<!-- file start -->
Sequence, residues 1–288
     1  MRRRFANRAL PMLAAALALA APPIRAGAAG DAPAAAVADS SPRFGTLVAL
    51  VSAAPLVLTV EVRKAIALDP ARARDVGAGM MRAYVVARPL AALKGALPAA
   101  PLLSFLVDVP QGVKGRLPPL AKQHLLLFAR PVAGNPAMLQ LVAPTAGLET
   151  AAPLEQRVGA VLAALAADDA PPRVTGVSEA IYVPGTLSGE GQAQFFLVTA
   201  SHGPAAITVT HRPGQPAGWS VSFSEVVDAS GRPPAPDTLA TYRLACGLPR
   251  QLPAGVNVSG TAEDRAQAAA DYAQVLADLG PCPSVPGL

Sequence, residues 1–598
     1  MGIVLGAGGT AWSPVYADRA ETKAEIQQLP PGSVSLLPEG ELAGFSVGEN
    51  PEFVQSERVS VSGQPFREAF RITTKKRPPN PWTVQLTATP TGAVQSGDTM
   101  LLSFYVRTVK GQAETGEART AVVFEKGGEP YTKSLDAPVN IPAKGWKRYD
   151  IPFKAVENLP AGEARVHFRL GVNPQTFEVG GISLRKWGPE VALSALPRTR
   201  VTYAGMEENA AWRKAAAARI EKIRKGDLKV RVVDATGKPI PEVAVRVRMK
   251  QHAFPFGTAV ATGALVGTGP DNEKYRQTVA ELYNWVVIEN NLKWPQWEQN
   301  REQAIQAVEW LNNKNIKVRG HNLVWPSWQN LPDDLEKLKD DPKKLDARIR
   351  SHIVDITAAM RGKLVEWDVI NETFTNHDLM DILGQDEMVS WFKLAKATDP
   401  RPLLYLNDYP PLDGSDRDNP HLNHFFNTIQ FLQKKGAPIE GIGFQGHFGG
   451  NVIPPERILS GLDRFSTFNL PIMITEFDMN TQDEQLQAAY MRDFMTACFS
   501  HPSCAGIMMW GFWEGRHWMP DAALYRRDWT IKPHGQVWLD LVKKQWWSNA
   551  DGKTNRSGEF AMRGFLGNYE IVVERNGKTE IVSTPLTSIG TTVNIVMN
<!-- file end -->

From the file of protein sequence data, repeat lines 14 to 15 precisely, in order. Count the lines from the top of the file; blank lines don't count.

   251  QHAFPFGTAV ATGALVGTGP DNEKYRQTVA ELYNWVVIEN NLKWPQWEQN
   301  REQAIQAVEW LNNKNIKVRG HNLVWPSWQN LPDDLEKLKD DPKKLDARIR